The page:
Stephen Dill Lee was an American soldier, planter, legislator, and author. He was the youngest Confederate lieutenant general during the American Civil War, and later served as the first pr
  • first mannassas (first bull run)

    first mannassas (first bull run)
    "On the morning of July 21, McDowell sent the divisions of Hunter and Heintzelman (about 12,000 men) from Centreville at 2:30 a.m., marching southwest on the Warrenton Turnpike and then turning northwest toward Sudley Springs. Tyler's division (about 8,000) marched directly toward the Stone Bridge. "
  • Pope Becomes Commander

    Pope Becomes Commander
    The Army of the Potomac was created in 1861, but was then only the size of a corps (relative to the size of Union armies later in the war). Its nucleus was called the Army of Northeastern Virginia, under Brig. Gen. Irvin McDowell, and it was the army that fought (and lost) the war's first major battle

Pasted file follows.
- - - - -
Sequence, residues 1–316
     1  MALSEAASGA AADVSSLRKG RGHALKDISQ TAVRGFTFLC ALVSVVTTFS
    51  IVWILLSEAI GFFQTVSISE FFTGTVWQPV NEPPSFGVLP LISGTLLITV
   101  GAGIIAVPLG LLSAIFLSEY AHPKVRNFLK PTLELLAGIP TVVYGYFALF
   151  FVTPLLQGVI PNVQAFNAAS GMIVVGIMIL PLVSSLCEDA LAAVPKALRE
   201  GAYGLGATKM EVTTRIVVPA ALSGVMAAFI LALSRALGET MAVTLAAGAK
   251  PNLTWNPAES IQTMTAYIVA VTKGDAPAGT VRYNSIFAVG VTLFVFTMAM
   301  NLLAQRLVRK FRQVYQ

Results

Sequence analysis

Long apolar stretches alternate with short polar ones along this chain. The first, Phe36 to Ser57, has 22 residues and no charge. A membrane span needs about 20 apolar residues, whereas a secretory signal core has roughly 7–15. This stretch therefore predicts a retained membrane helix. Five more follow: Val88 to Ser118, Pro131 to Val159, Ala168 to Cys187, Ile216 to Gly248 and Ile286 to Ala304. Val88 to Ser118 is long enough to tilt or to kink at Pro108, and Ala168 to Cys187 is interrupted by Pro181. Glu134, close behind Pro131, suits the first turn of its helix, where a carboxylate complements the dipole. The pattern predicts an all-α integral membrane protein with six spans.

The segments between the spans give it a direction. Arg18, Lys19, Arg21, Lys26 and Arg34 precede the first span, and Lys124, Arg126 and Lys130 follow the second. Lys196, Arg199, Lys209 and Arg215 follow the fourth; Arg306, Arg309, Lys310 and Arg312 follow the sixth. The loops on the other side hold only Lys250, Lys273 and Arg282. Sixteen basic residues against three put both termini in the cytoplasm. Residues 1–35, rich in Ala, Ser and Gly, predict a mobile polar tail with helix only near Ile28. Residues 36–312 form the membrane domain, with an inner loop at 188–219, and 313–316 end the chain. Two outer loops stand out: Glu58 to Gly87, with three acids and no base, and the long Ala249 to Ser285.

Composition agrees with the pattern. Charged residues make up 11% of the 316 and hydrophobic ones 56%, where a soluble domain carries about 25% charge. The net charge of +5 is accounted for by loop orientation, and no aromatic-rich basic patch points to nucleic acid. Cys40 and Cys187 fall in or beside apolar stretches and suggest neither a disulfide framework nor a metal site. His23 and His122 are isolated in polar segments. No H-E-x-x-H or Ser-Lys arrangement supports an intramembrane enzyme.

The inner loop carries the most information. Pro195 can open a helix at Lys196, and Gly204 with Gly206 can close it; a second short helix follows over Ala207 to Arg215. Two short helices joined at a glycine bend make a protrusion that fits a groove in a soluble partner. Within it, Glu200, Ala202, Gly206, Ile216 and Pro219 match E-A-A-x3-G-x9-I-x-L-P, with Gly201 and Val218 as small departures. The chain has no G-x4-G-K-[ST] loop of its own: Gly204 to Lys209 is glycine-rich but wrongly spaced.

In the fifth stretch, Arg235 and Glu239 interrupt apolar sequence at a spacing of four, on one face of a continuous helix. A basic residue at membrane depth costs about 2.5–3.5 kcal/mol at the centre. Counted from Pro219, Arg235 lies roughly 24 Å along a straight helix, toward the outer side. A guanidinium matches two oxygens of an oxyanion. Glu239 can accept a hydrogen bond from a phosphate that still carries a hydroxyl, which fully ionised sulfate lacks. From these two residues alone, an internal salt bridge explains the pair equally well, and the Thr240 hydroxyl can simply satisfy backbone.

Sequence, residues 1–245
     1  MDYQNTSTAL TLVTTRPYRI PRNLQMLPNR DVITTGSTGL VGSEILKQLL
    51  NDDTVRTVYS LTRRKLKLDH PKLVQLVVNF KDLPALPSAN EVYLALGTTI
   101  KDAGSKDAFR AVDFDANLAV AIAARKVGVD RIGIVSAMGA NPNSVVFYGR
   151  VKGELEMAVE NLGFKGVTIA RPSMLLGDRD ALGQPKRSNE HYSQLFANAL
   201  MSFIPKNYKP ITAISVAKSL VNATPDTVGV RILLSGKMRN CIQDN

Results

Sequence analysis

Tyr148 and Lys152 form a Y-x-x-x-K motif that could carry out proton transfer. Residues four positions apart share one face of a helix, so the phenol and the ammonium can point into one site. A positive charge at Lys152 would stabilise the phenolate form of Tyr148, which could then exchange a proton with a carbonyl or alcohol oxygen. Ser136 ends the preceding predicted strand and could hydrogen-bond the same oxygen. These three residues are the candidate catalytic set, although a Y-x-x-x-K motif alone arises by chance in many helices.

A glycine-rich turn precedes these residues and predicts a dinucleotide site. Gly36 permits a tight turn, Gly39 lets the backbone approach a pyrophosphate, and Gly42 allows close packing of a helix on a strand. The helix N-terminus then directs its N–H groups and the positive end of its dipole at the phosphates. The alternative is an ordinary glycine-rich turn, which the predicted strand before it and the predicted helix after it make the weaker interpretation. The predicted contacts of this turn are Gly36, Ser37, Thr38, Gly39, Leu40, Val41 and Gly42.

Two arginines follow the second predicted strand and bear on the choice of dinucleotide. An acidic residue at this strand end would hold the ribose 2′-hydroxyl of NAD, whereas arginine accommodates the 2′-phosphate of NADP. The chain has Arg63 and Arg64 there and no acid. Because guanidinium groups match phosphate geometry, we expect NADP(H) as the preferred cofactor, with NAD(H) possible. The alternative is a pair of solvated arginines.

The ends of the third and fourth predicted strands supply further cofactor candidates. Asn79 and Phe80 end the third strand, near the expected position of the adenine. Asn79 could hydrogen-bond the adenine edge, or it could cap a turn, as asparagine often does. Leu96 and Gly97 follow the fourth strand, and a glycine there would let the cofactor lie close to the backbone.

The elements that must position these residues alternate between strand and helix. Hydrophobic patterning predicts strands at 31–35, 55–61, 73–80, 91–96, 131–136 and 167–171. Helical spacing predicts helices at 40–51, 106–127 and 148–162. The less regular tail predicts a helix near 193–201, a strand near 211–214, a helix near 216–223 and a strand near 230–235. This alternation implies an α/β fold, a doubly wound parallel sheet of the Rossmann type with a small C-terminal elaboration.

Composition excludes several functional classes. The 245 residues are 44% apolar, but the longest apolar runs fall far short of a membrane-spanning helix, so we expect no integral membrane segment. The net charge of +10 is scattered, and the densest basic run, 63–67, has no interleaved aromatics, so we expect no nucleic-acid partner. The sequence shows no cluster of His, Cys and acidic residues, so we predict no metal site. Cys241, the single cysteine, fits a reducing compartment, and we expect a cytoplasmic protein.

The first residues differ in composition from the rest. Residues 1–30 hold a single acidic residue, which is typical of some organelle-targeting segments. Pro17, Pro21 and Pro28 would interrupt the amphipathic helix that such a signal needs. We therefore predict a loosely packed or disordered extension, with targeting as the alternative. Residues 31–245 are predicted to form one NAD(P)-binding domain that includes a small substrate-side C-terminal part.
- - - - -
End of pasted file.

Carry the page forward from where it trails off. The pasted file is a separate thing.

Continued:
• Merimac v Monitor

    Merimac v Monitor
    On August 3, 1861 the United States Navy’s Ironclad Board placed ads in Northern Newspapers inviting designers to submit their plans for the construction of ironclad warships. In a letter to Abraham Lincoln dated August 29, 1861 John Ericsson offered to build a vessel, “…that within ten weeks after commencing the structure I would engage to be ready to take up position under the Rebel guns at Norfolk…” Ericsson was a Swedish-American inventor that designed the Union Monitor nicknamed “cheese b
  • Fort Henry and Donolson

    Fort Henry and Donolson
    "Fort Henry, along the Tennessee River, and Fort Donelson, on the Cumberland River, were two forts built to protect Tennessee and the Deep South from invasion. Unfortunately the two forts proved to be right in the way of the driving General Grant. On Feb. 6, 1862, Grant and Flag Officer Foote captured Fort Henry. "
  • Shiloh

    Shiloh